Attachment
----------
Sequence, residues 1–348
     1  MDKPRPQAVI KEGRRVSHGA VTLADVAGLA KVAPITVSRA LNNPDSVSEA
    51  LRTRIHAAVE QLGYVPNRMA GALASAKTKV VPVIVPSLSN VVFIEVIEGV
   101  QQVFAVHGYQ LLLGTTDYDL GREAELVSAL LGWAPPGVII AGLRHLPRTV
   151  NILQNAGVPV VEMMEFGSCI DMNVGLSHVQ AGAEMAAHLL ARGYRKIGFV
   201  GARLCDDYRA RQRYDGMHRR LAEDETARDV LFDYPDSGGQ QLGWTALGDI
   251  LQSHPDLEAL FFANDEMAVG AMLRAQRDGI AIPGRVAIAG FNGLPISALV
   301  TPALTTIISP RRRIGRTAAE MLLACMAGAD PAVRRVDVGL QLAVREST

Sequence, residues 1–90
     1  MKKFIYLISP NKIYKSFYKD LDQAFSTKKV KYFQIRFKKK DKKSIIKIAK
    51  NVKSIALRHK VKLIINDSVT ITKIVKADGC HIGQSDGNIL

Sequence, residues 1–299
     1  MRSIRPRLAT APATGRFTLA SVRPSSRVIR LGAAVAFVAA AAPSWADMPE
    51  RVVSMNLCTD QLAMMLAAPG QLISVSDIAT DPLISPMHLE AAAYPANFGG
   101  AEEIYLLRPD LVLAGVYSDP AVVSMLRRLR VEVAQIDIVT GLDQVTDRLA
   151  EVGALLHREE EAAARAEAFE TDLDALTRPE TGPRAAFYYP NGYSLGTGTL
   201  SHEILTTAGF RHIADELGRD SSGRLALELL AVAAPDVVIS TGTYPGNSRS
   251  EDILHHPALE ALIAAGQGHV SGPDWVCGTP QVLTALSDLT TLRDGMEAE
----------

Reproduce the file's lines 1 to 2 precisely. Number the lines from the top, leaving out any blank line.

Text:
Sequence, residues 1–348
     1  MDKPRPQAVI KEGRRVSHGA VTLADVAGLA KVAPITVSRA LNNPDSVSEA